10111 agents down phones


Call centre employees strike over poor working conditions and low salaries

Photo of protesters
Agents from the 10111 South African Police Service call centre protest on Jan Smuts Drive. Photo: Vincent Lali

On Wednesday, about 45 call agents from the 10111 South African Police Service (SAPS) call-center downed phones and left their offices in Maitland. They protested outside on Jan Smuts Drive. Passing motorists hooted in support.

Wearing South African Policing Union (SAPU) T-shirts, they sang struggle songs and waved placards with “We want level 7” and “R250 million spent on Zuma security in Nkandla”.

The agents want better working conditions and a salary increase from level five to level seven.

SAPU Provincial Chairperson Helen Fritz said, “Today we go on strike because SAPS has failed to keep a promise former National Police Commissioner Riah Phiyega made – that she would increase salaries.”

The call centre agents say they earn R145,000 (about R12,000 per month) per annum and they want R227,000.

On 6 June, the  agents vowed to bring the call centre to a standstill if they were not listened to. They demonstrated outside the offices of the Western Cape Police and handed over a memorandum of demands and grievances to Deputy Commissioner Major General Mzwandile Mzamane.

“Up until now, we have not received any feedback from SAPS, and now members are angry,” said Fritz. “SAPS bosses have no respect for our members.”

Poor working conditions

At the protest in June, call centre agents said that their work conditions left much to be desired. They said the roof leaked and part of the ceiling came down after the big storm in June. They said the toilets were blocked and the stench entered the canteen. They also said they use threadbare headphones and have broken chairs.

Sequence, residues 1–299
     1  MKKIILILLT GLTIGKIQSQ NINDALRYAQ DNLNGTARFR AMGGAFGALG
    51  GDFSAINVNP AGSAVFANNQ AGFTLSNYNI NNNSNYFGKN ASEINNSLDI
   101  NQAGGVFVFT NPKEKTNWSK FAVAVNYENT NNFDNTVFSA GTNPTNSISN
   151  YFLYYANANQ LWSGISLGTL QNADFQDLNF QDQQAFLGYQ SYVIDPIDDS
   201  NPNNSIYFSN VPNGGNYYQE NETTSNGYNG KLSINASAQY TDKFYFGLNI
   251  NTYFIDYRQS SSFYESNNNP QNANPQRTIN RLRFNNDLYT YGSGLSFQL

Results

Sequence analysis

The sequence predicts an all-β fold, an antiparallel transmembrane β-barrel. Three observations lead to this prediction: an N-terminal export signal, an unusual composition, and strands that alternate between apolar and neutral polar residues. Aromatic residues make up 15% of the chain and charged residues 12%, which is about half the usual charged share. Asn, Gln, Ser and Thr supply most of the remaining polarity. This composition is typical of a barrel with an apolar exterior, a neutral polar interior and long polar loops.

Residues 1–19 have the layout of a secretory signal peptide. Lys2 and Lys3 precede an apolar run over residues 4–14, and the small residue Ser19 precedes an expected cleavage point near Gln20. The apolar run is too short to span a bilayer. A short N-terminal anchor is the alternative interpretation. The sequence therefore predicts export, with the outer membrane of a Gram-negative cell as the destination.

“We work in a pigsty as our offices are not cleaned at weekends and on public holidays,” said call centre agent Mthobeli Matyolwana.

“We are not treated as members of SAPS, and we earn peanuts while other call centre agents working at SARS and Home Affairs earn decent salaries,” he said.

Since June, GroundUp has tried numerous times to verify the poor working conditions, but SAPS management refused us permission to enter the call centre and to see for ourselves.

Some agents work shifts from 6am to 6pm and find it difficult to get transport. Angel Willie said she was robbed in 2015 and in 2016 at the train station going home. The agents want transport to be provided.


The major demand is about salaries. Fritz said SAPU leaders and SAPS bosses are still locked in fruitless discussions. “Even last night, our leaders were engaged in discussions at national level, but they are not making any progress,” she said.

Call centre agent Mbuthokazi Mlalandle said she and her colleagues now feel cheated by bosses who promised them salary increases. “SAPS bosses have taken us for a big ride,” she said.

Mlalandle said that due to the strike the Western Cape police have got support personnel and flying squad staff answering the phones. “Most of the new staff are not familiar with how our system is operated … Members of the community will suffer because they will not be able to assist them,” she said.

Western Cape police spokesperson Lieutenant Colonel Andrè Traut said the Maitland 10111 Call Centre is fully operational and contingency plans are in place to avoid any interruptions in service delivery. Police management is monitoring the situation.

See also: South Africa’s confusing emergency numbers 

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